SECOND UNITED STATES CAVALRY – A HISTORY
Compiled, edited and published by Historical Section, Second Cavalry Association
Maj. A. L. Lambert and Cpt. G. B. Layton, 2d Cavalry
Felix Mazure, Frenchman with A Troop, 2d Squadron
25 August 1944
They made a circle then, suddenly, two dove to strafe us coming from the south. Everyone knew what that meant. The vehicles of A Troop screeched to a halt and all together the occupants took a flying leap to the ground, trying to find cover in the ditches along the road.
At the time of jumping from the halftrack I hesitated for a moment on seeing the height of the vehicle and the depth of the ditch. But my comrades didn’t hesitate a second, and I also threw myself over the side, tommy gun in hand.
The sound of the plane increased, becoming a deafening roar, then when it appeared to be coming directly at us, flames shot from the leading edge of the wings and red tracers stabbed towards the earth. At the same time the cracking sounds of the machine guns struck our ears. My eyes were riveted on an enormous bomb carried under the fuselage. From the bomb my glance traveled to the halftrack. There, hung on the rear door of our halftrack, was a pretty white placard with a single word written in red – EXPLOSIVES.
The plane came in, spraying the road. A house about a hundred meters behind us broke into flames, and in a few minutes it was nothing but a smoking torch.
Everywhere the men were yelling, “Show the identification panels!” and some intrepid souls leaped to spread the panels, some pink, some yellow. We remained in the ditches and the planes circled for another pass. They finally recognized that we were Americans, but they remained on guard and kept us under observation.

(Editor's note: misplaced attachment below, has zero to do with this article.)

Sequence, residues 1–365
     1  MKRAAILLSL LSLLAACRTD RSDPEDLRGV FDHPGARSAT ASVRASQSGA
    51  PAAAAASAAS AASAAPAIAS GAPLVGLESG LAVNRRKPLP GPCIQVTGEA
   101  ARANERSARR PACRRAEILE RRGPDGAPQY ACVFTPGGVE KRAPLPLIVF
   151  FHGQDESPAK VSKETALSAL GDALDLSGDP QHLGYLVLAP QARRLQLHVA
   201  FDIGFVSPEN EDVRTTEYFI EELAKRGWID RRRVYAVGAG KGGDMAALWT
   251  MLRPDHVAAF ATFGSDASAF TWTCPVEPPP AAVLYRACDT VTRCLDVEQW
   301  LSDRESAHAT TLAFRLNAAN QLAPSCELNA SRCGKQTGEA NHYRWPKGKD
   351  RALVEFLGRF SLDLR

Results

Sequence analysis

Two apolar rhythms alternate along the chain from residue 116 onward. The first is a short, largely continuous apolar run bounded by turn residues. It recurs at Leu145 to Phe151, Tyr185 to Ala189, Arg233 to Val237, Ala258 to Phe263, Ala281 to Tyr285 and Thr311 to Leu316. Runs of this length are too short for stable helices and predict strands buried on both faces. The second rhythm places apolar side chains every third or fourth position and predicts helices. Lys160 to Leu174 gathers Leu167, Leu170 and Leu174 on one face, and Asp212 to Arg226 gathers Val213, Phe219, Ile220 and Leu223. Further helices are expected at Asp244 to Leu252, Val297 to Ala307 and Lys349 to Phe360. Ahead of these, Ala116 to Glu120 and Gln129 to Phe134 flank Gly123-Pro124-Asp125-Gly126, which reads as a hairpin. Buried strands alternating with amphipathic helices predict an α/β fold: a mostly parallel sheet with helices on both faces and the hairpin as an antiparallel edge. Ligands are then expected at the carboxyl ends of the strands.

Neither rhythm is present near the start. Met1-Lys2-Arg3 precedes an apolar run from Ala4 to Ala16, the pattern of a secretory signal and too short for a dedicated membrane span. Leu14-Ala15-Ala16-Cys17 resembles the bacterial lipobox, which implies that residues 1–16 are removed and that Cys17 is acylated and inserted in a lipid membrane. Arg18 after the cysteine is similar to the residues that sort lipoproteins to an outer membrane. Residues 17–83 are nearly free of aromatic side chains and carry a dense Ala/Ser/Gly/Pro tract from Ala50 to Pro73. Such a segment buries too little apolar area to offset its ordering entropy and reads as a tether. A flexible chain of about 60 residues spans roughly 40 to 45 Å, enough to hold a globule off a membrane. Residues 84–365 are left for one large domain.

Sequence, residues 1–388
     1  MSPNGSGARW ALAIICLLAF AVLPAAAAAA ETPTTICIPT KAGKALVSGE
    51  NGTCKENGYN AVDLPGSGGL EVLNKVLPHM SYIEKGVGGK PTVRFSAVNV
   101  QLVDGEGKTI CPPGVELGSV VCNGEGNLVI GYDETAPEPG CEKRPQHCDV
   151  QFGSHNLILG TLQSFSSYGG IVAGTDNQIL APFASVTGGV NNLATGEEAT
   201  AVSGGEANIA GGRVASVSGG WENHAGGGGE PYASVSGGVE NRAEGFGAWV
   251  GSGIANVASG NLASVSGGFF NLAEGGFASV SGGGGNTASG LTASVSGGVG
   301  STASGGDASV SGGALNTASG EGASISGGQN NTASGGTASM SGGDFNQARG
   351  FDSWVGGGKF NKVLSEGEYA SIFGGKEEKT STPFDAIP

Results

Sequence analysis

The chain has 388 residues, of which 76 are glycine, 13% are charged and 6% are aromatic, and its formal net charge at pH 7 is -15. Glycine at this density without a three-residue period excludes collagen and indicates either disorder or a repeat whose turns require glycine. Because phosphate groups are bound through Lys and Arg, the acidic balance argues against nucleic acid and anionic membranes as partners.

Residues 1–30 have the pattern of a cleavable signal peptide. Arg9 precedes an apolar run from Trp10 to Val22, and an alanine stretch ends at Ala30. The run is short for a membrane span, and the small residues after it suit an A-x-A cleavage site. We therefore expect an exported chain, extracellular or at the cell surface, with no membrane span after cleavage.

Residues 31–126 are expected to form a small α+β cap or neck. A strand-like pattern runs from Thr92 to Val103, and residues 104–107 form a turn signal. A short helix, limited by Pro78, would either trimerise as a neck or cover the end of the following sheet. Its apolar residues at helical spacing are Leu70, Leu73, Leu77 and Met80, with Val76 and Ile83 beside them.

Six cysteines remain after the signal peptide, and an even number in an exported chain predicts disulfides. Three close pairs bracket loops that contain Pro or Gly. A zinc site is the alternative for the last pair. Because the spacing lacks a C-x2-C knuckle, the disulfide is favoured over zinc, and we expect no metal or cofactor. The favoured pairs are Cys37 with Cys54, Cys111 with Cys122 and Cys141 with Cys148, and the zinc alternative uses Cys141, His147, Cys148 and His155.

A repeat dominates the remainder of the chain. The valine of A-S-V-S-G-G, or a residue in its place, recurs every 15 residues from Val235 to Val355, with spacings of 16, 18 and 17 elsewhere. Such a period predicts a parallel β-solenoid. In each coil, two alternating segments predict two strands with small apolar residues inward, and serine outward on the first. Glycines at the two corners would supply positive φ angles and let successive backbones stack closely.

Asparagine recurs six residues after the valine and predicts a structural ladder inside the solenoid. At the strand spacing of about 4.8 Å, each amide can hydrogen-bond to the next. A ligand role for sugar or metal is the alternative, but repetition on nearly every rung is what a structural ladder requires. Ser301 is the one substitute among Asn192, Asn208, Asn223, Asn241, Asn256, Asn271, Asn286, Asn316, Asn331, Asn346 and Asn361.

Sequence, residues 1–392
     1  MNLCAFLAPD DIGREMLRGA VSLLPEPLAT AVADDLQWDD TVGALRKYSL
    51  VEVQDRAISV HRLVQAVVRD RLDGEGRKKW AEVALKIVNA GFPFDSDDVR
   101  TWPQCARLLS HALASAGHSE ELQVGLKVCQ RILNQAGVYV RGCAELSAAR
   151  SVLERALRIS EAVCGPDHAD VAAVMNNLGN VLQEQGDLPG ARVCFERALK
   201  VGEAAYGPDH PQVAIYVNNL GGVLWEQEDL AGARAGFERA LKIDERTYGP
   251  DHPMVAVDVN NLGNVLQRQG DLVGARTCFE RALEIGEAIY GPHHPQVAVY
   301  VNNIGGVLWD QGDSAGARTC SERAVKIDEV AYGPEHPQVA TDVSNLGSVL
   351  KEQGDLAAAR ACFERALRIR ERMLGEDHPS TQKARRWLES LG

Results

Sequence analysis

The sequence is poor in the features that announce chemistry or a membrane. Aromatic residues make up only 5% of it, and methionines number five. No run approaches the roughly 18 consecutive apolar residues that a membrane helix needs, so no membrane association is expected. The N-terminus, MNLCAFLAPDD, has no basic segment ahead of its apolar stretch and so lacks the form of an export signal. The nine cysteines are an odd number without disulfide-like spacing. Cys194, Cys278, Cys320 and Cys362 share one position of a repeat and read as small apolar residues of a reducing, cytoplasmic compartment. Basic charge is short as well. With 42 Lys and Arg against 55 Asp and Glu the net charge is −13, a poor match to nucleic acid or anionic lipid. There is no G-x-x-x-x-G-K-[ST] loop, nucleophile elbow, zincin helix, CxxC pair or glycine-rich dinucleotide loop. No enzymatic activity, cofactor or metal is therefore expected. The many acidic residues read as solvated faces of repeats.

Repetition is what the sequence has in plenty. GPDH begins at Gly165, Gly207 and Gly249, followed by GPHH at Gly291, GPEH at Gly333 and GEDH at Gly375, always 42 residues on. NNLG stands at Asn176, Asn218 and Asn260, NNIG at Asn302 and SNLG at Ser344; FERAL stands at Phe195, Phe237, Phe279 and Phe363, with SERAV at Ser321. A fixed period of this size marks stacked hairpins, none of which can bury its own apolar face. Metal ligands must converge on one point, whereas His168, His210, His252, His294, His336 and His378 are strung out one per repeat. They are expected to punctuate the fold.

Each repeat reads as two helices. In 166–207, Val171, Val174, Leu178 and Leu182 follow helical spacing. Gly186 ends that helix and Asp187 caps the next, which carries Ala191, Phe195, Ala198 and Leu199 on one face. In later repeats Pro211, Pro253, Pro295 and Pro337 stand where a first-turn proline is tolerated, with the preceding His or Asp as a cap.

One G.I. told me there were 300 gallons of gas in the truck behind us. It’s a good thing the plane didn’t drop it’s bomb – the explosives, the gasoline and us in the ditch – we would have been beyond all help!
The occupants of the halftrack my brother was in dismounted to flush the woods to the flanks to make sure no Krauts had been awakened. In ten minutes they had returned without finding even a single sniper.
A jeep passed at high speed, then returned a few moments later with a halftrack ambulance; there were some victims. (Eds. note: Hendershaw, Spivey and Choker, formerly Col. Hill’s driver.)
Finally the planes left. The Air Corps must have had orders to hit everything on the road we were using, (Eds. note: overrunning the no-fire line?) and since we were so camouflaged with branches that you couldn’t see the identification panels the P-47’s had taken us for the enemy.
We continued on and passed two machine gun bantams that had been hit. Two men were stretched out, the medics giving them first aid. Three other G.I.’s were there also, only slightly wounded. Even so, it was enraging to think that they were hit by American aircraft.
Towards 11 a.m. we entered Chaource. A halt and some hot poop (pardon my French). The chief of the FFI offered us some champagne. While we were drinking “to the victory”, 600 Maquis arrived in trucks. They told how they had captured a German General commanding an SS Division the evening before. He was no longer present.
A few minutes later we pushed on to Villiers le Bois. (Eds. note: From here A Troop patrolled to les Riceys (map III) and Bagenaux la Fosse, a section under Cpl. Paschal, following a German column almost to Bar sur Seine (map III)(map 21).)
The 42d Squadron, on the 26th, encountered an enemy force estimated to be a Division, moving from Dijon (map III)(map IV) to Tonnerre (map III)(map 20). Another enemy force, estimated to be of Regimental strength, reinforced by artillery, was located in the vicinity of Carisey (map 20). The 42d Squadron attacked this unit and forced it to withdraw, thus enabling us to perform effective cover for the south flank of the 4th Armored Division.